Sing her praises —
She who walked of her own volition
Into the fire and sand of the desert
Where she would seek her freedom.
I did a quick Lilith-themed poetry search to dig up some relevant poetic work to share (because it felt weird leaving the “Honoring Lilith” posts at only two parts, so there yuh go). Have fun with these!
I’ve been thinking about this a great deal. After all, I believe my poetry is reflective of my femininity. Have I misrepresented Lilith? She’s been walking the landscape of collective psychology much longer than feminist theory, and I believe she deserves the layers of an epic hero.
I am in God’s image
– does that frighten you?
I’m no one’s wife and no one’s daughter…
…if feminine equipment is impure,
unruly both in body and in mind,
and women must be governed to be sure
we walk the male-ordained three steps behind…
The Last of the Women with Talons for Toes
that’s how every girl knows me by sight…
Furthermore, a quick Lilith-themed search found me these blog posts which seem in line with Lilithian (yup, it’s a word now) values and which also tickled my fancy. Check out some of these excerpts and if you like what you see, find out what else the original post has to offer.
I have a love affair with different aspects of paganism, although I am not pagan myself. I love the old gods. I love how the perspective wasn’t to adore the gods and beg for their attention but instead to be aware that getting their attention was not necessarily a good thing. I like to look through different books on paganism and Wicca. One common, frustrating theme? The insistence that everything they do is good and not in anyway associated with Satan. You are free to worship the divine how you please, but no Satan. All things associated with Satan/Lucifer are Bad, even for those in a completely different religion. Worship Diana? Thor? Whatever. Those are fine. Satan? Bad bad bad. What if that was the aspect of the divine you wanted to worship, though? And isn’t nature by its nature more neutral than good? So why do so many nature-worshiping people focus on how everything is good?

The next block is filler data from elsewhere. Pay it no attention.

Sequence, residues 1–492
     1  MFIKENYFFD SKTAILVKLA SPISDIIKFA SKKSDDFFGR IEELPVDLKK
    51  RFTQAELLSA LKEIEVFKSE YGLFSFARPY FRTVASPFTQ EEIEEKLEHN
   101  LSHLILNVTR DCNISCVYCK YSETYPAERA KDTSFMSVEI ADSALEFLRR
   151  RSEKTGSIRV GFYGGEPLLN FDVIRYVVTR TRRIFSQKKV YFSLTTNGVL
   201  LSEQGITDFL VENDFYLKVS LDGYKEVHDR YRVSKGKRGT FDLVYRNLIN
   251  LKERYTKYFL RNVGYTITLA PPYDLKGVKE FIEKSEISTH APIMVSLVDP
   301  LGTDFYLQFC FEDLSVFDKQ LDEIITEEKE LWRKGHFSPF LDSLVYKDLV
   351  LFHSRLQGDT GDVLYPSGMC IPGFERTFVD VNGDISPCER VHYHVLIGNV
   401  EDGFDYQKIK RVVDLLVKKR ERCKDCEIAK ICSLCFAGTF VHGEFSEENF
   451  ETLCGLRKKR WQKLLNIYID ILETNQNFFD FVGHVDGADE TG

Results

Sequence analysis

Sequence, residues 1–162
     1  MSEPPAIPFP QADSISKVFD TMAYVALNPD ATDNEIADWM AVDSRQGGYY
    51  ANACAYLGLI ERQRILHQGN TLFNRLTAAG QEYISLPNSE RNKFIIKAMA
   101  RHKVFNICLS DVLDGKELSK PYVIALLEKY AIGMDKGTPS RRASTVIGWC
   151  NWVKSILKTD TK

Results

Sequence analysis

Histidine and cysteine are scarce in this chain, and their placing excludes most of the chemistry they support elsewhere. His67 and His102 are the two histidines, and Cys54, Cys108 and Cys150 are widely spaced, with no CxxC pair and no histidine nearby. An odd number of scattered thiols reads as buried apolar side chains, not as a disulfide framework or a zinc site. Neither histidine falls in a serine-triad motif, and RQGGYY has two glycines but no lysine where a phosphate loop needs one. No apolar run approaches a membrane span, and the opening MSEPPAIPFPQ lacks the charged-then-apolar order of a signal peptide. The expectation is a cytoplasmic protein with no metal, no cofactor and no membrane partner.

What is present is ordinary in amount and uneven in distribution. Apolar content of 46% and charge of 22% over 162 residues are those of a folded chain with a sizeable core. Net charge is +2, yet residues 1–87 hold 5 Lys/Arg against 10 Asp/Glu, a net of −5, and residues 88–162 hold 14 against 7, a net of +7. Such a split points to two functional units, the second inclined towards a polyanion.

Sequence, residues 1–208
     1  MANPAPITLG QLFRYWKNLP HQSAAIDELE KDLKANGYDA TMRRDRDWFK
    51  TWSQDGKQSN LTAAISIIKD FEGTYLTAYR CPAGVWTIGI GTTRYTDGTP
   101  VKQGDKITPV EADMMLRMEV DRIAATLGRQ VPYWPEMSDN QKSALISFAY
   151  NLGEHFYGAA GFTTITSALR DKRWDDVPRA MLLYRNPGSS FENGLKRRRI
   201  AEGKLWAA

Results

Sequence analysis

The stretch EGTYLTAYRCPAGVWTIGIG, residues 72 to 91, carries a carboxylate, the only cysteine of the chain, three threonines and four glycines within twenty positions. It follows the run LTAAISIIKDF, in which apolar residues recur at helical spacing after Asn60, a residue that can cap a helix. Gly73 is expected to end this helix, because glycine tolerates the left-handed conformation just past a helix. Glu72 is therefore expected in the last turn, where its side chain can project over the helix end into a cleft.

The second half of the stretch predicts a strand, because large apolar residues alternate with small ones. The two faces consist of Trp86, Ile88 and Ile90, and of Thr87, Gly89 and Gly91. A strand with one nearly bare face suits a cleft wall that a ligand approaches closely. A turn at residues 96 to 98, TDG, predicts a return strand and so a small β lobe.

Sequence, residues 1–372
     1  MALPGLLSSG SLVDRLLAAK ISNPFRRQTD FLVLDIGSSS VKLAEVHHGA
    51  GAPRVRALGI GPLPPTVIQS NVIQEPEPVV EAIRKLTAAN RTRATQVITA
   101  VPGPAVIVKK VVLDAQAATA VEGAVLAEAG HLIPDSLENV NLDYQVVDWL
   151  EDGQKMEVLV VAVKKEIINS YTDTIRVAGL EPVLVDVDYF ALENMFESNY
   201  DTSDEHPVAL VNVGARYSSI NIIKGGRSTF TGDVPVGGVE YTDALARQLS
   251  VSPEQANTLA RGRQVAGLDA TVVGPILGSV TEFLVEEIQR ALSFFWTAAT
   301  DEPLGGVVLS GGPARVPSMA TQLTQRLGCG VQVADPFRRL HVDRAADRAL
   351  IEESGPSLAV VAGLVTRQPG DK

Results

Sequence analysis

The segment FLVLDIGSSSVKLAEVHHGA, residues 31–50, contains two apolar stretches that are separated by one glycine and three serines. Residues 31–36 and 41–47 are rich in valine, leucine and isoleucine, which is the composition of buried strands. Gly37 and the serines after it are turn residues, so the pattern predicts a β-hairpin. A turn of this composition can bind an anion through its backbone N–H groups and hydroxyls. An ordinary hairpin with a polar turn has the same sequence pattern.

The abrahamic religions have all had a difficult relationship with women. This is because in their mythology, rituals etc the female principle has been purposefully excluded. The truth of the matter only survived in secret cabals and riddles. Both the jewish kabbalah and the tantra see the human psyche as composed of male and female energies. But if the world is lived through the lens of the abrahamic tradition then the nurturing feminine archetypes remain unexpressed and unexplored whereas the protective masculine becomes overpowering and overwhelming. The psychic energies would remain unbalanced and the personality would tend towards the demonic ideas such as authoritarianism(In a nutshell this is the position also taken up by Carl Jung and Wilhelm Reich). However the catholic church was extremely efficient in wiping out all traces of druidry, paganism, witch craft or anything remotely resembling feminine magic from Europe.